#> 17 rBP           0.0135   2018-04-30      Sigma      
#> 18 rGOOG         0.0196   2018-04-30      Sigma

DCC Engine

To create a model with the dcc_rmgarch engine, the first thing to do is to specify in a list called specs through set_engine the specifications of the models. You can also specify the arguments to be passed to rmgarch::dccspec() through the dcc_specs list as seen in the following example:

model_fit <- garch_multivariate_reg(type = "ugarchspec") %>%
    set_engine("dcc_rmgarch" , specs = list(spec1 = list(mean.model = list(armaOrder = c(1,0))),
                                            spec2 = list(mean.model = list(armaOrder = c(1,0))),
                                            spec3 = list(mean.model = list(armaOrder = c(1,0)))),
                               dcc_specs = list(dccOrder = c(2,2), distribution = "mvlaplace")) %>%
    fit(value ~ date + id, data = rX_train)

Let’s visualize the graphics available through the model:

plot(model_fit$fit$models$model_1, which = 1)

plot(model_fit$fit$models$model_1, which = 2)

plot(model_fit$fit$models$model_1, which = 3)

plot(model_fit$fit$models$model_1, which = 4)

plot(model_fit$fit$models$model_1, which = 5)

We now predict on the future dataset:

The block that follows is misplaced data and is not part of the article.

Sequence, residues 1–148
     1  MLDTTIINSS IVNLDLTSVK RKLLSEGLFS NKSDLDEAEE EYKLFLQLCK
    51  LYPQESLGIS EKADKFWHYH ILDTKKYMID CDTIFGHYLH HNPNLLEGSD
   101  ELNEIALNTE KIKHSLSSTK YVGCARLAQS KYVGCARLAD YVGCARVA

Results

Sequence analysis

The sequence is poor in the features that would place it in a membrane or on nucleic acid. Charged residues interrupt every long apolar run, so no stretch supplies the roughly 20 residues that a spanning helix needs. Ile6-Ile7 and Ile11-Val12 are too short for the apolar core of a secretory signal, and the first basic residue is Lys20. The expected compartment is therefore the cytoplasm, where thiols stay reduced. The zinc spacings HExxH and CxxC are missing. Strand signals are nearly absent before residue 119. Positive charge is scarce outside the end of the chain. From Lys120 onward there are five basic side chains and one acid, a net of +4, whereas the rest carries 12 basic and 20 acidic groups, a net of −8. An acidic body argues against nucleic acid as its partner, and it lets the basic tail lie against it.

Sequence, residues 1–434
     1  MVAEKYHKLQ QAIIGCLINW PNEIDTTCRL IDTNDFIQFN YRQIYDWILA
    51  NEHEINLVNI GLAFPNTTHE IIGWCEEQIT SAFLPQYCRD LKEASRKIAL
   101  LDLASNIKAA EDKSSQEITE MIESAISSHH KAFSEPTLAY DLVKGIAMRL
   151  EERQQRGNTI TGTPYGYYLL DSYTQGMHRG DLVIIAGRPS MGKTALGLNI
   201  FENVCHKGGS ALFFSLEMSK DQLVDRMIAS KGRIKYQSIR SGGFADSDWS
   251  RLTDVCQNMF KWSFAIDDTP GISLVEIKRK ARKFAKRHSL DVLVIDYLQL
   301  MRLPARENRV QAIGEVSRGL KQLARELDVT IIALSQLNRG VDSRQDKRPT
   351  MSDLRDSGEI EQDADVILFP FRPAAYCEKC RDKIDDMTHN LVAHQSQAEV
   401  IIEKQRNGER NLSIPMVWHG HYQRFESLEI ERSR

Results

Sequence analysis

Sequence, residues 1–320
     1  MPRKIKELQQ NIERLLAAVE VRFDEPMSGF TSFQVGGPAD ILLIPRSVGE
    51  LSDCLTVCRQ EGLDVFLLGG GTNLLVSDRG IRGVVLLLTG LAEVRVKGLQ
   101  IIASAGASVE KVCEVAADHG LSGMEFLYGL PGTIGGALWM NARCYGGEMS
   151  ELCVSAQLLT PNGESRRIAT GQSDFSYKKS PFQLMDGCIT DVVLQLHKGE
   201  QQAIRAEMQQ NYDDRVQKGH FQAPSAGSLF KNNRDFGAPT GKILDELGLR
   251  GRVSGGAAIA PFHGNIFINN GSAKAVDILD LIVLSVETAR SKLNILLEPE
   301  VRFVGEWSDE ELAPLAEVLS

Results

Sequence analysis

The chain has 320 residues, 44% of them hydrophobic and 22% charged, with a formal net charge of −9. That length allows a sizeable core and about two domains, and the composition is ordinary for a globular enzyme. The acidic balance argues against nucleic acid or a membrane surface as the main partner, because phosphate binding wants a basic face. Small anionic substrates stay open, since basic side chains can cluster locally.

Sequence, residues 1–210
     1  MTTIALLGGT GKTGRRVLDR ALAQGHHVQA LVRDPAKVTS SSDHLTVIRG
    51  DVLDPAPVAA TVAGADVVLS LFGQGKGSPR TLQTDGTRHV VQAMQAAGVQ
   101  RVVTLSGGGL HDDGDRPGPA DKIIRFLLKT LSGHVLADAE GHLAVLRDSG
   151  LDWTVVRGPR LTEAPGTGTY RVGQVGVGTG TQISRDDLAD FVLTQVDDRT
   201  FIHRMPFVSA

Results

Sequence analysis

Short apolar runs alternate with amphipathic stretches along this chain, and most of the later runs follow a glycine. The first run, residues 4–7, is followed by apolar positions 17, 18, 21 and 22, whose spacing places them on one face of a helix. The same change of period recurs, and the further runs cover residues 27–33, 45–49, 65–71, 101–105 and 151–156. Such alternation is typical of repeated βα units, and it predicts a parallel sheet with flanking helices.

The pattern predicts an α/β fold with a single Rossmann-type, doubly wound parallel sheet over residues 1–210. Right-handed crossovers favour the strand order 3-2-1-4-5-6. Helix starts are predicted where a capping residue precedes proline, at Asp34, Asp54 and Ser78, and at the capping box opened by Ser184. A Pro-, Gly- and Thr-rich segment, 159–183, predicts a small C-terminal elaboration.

predictions <- predict(model_fit, rX_future)

As you can see, the results are returned in a nested tibble. For example, if you want to get the correlation matrices:

predictions %>% filter(.name == "R") %>% pull(.pred)
#> $R
#> $R[[1]]
#> , , 1
#> 
#>           [,1]      [,2]      [,3]
#> [1,] 1.0000000 0.2245499 0.4009276
#> [2,] 0.2245499 1.0000000 0.3023550
#> [3,] 0.4009276 0.3023550 1.0000000
#> 
#> , , 2
#> 
#>           [,1]      [,2]      [,3]
#> [1,] 1.0000000 0.2363791 0.3991591
#> [2,] 0.2363791 1.0000000 0.3032042
#> [3,] 0.3991591 0.3032042 1.0000000
#> 
#> , , 3
#> 
#>           [,1]      [,2]      [,3]
#> [1,] 1.0000000 0.2472140 0.3975391
#> [2,] 0.2472140 1.0000000 0.3039821
#> [3,] 0.3975391 0.3039821 1.0000000

Copula Engine

To create a model with the c_rmgarch engine, the first thing to do is to specify in a list called specs through set_engine the specifications of the models. You can also specify the arguments to be passed to rmgarch::cgarchspec() through the c_specs list as seen in the following example:

model_fit <- garch_multivariate_reg(type = "ugarchspec") %>%
    set_engine("c_rmgarch" , specs = list(spec1 = list(mean.model = list(armaOrder = c(1,0))),
                                          spec2 = list(mean.model = list(armaOrder = c(1,0))),
                                          spec3 = list(mean.model = list(armaOrder = c(1,0)))),
                             c_specs = list(dccOrder = c(2,2))) %>%
    fit(value ~ date + id, data = rX_train)

model_fit
#> parsnip model object
#> 
#> Fit time:  2.8s 
#> Copula GARCH Multivariate Model
#> $model_1
#> 
#> *-------------------------------------------------*
#> *                  Copula GARCH Fit               *
#> *-------------------------------------------------*
#>